“The strategic partnership with ADM will allow Solugen to bring our chemienzymatic process to a commercial scale and meet existing customer demand for our high-performance, cost-competitive, sustainable products,” Gaurab Chakrabarti, co-founder and CEO of Solugen, says in a news release. “As one of the few scaled-up and de-risked biomanufacturing assets in the country, Solugen’s Bioforge platform is helping bolster domestic capabilities and supply chains that are critical in ensuring the U.S. reaches its ambitious climate targets.”

The company plans to begin on-site construction early next year, with plans to startup in the first half of 2025. The project should create at least 40 permanent jobs and 100 temporary construction positions.

“Sustainability is one of the enduring global trends powering ADM’s growth and underpinning the strategic evolution of our Carbohydrate Solutions business,” Chris Cuddy, president of ADM’s Carbohydrate Solutions business, says in the release. “ADM is one of the largest dextrose producers in the world, and this strategic partnership will allow us to further diversify our product stream as we continue to support plant-based solutions spanning sustainable packaging, pharma, plant health, construction, fermentation, and home and personal care.”

Founded in 2016 by Chakrabarti and Sean Hunt, Solugen's carbon-negative molecule factory, named the Bioforge, uses its chemienzymatic process in converting plant-sourced substances into essential materials that can be used instead of fossil fuels. The manufacturing process is carbon neutral, and Solugen has raised over $600 million from investors that believe in the technology's potential.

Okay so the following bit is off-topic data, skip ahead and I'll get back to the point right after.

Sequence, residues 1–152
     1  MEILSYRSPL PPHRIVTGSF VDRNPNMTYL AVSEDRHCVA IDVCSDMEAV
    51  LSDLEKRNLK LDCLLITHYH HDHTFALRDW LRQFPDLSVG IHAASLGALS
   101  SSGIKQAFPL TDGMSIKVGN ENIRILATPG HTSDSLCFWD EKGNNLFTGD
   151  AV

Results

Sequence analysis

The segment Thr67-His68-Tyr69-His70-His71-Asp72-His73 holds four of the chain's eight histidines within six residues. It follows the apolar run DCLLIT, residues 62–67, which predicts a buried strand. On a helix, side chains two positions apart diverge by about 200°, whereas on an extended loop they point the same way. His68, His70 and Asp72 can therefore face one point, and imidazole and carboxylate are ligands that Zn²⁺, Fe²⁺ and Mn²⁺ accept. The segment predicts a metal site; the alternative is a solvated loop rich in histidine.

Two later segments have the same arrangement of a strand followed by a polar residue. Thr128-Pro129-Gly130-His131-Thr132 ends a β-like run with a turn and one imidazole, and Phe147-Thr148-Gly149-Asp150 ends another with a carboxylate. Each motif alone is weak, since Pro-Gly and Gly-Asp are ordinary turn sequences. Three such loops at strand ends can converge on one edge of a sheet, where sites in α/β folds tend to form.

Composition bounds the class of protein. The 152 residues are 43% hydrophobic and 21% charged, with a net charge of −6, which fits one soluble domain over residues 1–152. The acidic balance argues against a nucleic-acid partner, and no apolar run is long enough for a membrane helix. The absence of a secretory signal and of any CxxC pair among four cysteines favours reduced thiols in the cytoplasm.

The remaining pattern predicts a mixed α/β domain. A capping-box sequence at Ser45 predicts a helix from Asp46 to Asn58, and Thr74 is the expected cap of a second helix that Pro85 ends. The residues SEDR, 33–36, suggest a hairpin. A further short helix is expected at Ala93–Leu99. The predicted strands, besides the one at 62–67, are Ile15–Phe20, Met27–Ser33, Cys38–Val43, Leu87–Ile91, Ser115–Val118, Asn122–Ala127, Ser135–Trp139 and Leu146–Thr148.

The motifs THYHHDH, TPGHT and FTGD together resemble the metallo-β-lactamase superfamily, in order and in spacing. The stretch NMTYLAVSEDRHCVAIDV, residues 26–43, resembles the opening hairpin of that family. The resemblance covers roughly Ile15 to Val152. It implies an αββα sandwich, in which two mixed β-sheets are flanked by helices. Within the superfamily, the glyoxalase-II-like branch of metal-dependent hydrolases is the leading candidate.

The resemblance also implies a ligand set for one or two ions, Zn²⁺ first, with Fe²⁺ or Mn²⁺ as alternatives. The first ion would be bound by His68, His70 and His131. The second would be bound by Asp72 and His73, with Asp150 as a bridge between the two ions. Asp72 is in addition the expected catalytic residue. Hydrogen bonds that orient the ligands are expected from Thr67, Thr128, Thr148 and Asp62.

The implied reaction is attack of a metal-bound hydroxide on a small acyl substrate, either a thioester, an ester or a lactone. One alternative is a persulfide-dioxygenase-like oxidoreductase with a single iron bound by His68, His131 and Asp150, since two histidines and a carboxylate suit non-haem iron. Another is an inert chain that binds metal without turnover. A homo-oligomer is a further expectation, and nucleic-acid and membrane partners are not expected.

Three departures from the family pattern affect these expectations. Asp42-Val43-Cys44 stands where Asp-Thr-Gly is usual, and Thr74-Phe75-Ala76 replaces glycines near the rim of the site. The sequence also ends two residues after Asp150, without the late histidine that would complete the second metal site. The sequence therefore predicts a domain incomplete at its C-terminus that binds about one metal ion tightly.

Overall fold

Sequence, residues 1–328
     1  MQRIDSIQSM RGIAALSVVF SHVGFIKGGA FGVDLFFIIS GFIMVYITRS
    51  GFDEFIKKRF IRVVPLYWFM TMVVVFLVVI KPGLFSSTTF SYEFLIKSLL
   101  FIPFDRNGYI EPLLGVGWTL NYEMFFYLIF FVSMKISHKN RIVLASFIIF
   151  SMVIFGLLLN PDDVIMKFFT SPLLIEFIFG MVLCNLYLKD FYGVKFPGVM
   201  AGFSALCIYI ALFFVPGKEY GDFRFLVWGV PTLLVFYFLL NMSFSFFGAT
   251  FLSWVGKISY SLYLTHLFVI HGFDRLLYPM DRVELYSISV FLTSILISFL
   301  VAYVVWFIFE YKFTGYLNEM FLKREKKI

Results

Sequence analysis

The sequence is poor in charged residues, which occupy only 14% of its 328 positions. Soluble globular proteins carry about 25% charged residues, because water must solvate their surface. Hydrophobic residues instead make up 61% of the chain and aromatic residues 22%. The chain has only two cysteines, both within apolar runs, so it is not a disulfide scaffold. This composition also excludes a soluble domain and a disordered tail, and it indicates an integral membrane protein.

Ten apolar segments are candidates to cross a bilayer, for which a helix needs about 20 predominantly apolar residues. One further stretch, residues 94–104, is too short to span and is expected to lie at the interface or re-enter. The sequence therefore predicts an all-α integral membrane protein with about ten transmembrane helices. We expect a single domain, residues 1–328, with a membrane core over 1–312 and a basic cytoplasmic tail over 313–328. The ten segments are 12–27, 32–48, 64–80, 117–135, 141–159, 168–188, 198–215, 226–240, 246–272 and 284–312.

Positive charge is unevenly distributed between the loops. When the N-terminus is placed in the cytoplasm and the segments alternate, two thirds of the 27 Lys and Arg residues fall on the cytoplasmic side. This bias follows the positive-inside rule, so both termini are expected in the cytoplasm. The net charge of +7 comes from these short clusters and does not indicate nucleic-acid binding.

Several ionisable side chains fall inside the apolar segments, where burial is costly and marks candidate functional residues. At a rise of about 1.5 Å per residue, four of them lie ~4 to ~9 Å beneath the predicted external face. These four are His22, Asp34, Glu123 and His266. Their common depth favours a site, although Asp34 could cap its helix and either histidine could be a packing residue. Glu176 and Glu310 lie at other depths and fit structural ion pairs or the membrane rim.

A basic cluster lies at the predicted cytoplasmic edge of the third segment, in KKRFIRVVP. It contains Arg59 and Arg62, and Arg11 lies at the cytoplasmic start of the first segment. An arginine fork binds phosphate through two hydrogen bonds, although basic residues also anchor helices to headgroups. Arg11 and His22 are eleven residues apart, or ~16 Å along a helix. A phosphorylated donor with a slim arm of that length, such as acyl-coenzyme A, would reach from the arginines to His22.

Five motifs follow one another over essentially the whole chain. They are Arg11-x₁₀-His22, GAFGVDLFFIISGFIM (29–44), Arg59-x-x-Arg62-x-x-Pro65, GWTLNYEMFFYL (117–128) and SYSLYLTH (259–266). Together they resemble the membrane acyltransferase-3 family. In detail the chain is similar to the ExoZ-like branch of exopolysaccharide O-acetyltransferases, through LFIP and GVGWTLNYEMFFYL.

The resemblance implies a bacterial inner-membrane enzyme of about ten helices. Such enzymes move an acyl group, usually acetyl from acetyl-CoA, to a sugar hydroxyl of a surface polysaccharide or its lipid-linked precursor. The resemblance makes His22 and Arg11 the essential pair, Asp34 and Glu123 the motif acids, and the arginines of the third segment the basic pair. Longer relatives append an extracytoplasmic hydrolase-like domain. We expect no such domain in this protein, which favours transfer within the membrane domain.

“The initial phase of the project will significantly increase Solugen’s manufacturing capacity, which is critical for commercializing our existing line of molecules and kicks off plans for a multi-phase large-scale U.S. Bioforge buildout,” Hunt, CTO of Solugen, says in the release. “The increase in capacity will also free up our Houston operation for research and development efforts into additional molecules and market applications.”

The project should create at least 40 permanent jobs and 100 temporary construction positions.

"As a community with a strong foundation of agriculture and innovation, we look forward to welcoming Solugen to Marshall. This industry-leading facility will serve as a powerful economic driver for the city, creating new jobs and diversifying our industry,” City of Marshall Mayor Bob Byrnes says in the statement. "We are thankful for ADM’s longstanding commitment and impact to Marshall, which has paved the way for this remarkable partnership and continues to further economic growth to our region."

It's the second major company partnership announcement Solugen has made this month, with a new arrangement with Sasol being secured last week.

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This article originally ran on EnergyCapital.